Here’s again where I began to flag in energy but I didn’t feel bad because I felt I was doing a good job on the nutrition. Eating lots of gels and salt really, really helped. I always end up eating when I’m really hungry but this time I kept eating at regular intervals. Most ultra runners have this down to a science but I run fewer miles and usually don’t obsess or think about it. At some point I caught up with some hikers and this is when the mountain again began to egg you on. A glimpse here and there. I tried to keep sight of Vicki to keep me going. But the trails and the switchbacks were deceptive, she was quite ahead of me. Here’s a pic of her waving down at me.

As I hiked and hiked, over a million switchbacks because they felt like they were never going to end, I began thinking that there has to be something heavenly up there. My mind was already turning to mush but I was keeping on going thinking seeing that view would be like seeing God. Maybe that’s all there is to seeing God. Probably why people like building temples up on the hill because after an exhausting trek, people were ready to believe anything.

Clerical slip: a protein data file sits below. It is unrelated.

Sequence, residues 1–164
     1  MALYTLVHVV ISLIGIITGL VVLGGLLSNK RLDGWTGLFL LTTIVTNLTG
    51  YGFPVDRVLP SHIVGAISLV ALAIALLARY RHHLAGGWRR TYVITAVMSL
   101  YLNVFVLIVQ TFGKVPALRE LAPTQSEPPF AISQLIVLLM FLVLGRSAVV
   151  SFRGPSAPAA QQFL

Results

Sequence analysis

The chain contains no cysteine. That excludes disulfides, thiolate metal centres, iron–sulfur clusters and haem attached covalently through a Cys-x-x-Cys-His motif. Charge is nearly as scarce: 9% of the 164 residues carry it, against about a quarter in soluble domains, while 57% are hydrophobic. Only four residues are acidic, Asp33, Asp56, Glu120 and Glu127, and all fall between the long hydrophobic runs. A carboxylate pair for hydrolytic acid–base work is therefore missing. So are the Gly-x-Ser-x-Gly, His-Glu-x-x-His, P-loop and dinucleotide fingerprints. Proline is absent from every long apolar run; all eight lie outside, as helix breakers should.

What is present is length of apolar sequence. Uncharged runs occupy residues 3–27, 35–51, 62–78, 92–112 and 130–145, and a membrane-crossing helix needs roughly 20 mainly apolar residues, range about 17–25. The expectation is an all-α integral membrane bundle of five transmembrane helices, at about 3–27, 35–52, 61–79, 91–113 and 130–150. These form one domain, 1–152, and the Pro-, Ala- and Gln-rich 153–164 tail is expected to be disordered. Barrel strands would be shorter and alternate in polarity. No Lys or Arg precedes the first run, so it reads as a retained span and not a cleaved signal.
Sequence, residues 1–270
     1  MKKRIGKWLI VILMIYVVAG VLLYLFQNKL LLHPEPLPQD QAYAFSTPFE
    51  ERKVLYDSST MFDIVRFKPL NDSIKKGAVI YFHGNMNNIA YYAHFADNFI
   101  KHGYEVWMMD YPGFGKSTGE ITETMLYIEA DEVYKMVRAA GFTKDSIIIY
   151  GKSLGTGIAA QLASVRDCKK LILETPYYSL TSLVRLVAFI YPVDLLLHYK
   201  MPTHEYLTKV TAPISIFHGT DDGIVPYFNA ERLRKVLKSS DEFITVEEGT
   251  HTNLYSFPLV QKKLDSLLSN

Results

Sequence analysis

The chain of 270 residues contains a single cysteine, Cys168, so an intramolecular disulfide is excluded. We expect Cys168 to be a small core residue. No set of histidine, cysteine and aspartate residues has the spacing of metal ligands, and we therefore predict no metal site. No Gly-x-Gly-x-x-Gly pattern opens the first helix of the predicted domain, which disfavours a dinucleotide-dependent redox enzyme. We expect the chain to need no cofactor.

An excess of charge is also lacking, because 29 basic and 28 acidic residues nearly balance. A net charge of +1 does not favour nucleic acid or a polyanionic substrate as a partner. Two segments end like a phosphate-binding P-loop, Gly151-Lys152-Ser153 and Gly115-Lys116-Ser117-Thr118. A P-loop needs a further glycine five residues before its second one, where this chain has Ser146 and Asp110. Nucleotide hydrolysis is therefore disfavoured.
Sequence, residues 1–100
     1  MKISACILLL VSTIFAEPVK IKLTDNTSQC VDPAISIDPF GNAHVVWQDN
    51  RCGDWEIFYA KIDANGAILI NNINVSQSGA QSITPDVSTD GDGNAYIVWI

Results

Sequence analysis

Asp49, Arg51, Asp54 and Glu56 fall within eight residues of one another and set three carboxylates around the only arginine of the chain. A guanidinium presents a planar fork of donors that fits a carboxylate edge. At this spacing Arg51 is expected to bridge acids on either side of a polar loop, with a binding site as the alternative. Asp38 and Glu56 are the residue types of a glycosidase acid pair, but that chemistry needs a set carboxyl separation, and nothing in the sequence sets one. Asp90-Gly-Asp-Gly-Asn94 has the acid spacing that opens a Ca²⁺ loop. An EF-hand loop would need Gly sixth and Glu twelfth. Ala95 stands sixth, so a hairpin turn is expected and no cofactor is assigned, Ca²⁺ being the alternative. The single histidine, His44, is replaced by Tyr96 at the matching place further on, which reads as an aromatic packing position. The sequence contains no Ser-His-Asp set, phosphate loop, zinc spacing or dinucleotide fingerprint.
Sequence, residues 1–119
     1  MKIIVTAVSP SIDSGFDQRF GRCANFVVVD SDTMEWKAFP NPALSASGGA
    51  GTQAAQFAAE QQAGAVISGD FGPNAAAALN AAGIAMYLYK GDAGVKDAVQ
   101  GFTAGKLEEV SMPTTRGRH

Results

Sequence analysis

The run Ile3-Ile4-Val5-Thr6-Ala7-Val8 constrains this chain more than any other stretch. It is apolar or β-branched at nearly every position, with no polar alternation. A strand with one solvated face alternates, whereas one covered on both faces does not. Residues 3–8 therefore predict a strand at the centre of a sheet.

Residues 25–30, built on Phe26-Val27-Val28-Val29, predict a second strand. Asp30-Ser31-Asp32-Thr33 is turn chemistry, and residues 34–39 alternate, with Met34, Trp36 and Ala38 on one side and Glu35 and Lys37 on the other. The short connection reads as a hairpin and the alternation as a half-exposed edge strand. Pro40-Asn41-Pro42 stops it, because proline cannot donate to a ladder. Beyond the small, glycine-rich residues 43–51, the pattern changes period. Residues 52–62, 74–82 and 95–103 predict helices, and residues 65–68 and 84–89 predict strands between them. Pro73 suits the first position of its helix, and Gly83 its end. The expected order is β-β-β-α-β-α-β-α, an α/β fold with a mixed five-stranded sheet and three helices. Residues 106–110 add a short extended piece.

The hiker behind me was catching up. I wanted to be ahead of him but I was tired. He wasn’t running a race, I was. But he looked calm and strong. I asked him if he wanted to pass me. He was like, you’re almost there. This is one of the last few switchbacks. You’re there. Keep going. I was overwhelmed with gratitude. Those kind words at that time meant a whole lot more than he’d ever know.

And then I finally made it. And it was worth every step. Because I almost had to sit down and choke back my tears. I thought about why I felt like that – it wasn’t because I was tired or hurting, that hardly mattered. It was because what my body was enduring was so unimportant and so insignificant amongst those giant mountains that it automatically just made me feel so grateful that I was there. That I existed on top of that mountain and nothing else could be more important or more beautiful. Life would go on like it does but in that moment it stood still.